Finally, with the national media talking so much about shareholder redemptions in the largest non-traded REITs, we would be remiss if we did not address investor flows in this commentary. We have not experienced substantially higher redemptions in recent quarters. That said, if elevated requests are received, interval funds are designed to protect all shareholders by limiting redemptions on a quarterly basis to 5% of fund assets. One notable difference between our approach and that of many other private real estate offerings is that we focus our asset raising efforts within select channels that have historically been long term investors. We believe this focused approach allows us to educate investors before entering the space with the understanding that the benefits of private real estate investing are primarily achieved by investing throughout the entire cycle, rather than trying to time the asset class.

Below is a brief summary of performance by property type:

  • Industrial properties’ return were negative for the quarter. We saw cap rate expansion especially for assets that have longer dated leases. The demand for industrial properties continues to outpace supply and we believe industrial assets will continue to deliver above average returns in future years.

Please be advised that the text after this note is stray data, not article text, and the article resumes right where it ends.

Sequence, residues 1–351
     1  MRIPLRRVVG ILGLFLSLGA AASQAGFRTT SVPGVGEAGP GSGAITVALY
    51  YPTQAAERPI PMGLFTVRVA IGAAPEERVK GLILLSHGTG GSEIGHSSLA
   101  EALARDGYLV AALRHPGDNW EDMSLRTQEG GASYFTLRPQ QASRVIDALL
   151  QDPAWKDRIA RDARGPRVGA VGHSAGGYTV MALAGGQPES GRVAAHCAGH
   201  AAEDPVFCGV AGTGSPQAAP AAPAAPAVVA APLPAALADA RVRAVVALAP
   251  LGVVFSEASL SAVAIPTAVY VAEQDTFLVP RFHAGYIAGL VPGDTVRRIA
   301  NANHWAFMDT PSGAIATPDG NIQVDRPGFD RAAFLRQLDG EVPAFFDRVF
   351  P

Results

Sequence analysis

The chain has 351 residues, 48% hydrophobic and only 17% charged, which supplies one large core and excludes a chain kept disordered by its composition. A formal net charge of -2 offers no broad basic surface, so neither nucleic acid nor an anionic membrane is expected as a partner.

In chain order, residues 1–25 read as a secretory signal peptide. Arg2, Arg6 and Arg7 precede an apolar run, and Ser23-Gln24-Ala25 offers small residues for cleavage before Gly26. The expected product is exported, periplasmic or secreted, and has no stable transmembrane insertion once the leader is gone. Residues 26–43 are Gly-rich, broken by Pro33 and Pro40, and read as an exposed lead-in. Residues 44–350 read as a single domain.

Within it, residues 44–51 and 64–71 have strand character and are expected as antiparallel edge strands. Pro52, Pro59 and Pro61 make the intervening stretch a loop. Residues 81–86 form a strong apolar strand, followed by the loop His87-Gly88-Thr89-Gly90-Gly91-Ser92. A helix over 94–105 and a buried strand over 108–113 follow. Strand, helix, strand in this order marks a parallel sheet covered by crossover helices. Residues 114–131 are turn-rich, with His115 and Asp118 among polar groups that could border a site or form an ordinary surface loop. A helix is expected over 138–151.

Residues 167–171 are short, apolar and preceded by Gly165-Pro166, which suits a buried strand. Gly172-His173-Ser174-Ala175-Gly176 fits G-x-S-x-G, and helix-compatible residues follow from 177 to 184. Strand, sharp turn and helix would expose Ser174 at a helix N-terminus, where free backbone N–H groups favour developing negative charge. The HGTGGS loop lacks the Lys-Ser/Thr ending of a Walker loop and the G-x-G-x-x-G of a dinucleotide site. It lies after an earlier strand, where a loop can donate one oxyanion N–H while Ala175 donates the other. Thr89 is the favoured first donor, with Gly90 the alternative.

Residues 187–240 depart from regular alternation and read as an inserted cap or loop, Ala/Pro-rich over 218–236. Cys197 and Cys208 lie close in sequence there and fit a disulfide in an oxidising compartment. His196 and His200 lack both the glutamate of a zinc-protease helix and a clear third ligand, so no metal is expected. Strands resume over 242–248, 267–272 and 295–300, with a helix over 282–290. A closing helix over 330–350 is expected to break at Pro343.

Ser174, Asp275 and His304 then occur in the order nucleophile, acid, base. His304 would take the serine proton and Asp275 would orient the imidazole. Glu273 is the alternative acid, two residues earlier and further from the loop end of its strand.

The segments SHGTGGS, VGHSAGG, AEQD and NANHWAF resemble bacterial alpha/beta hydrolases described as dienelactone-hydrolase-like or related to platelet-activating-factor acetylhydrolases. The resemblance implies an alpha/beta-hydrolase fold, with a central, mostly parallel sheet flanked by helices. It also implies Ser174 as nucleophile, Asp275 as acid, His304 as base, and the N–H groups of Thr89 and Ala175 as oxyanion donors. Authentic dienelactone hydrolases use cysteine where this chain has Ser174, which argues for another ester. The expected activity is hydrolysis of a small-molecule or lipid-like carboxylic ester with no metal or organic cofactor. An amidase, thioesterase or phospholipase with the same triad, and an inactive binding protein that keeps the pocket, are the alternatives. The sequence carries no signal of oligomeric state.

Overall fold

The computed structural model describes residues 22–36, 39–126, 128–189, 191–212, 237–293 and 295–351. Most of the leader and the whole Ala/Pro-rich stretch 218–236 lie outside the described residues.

• Multi-family returns were mixed as cap rates increased. Rent growth persists but it has moderated from the historically high levels experienced last year. The supply-demand dynamics for housing in the U.S. continues to make this sector attractive from a longer-term perspective. These supply-demand fundamentals are likely to persist as many potential homebuyers are not able to purchase homes with residential 30-year fixed rate loans at multi-year highs and housing prices still at elevated levels.
  • Office properties were negative for the quarter as cap rates continued to expand, keeping with the trend for the sector going back to 2020. In select markets, however, leasing activity has begun to pick up. Furthermore, many companies continue to implement return-to-office plans as employers seek a balance in productivity and flexibility with many high-profile technology companies strongly encouraging a return to the office.
  • Retail properties continue to experience meaningful increases in NOI. Returns were slightly down but overall the sector performed well on a relative basis for the quarter.
  • Specialty: We continue to see strong demand from institutional investors for more specialty type property sectors such as self-storage, life science, and single-family residential. As with the other sectors, we saw increased pressure on cap rates but again believe that over the long term these assets will be accretive to returns.

Why are some private real estate vehicles gating?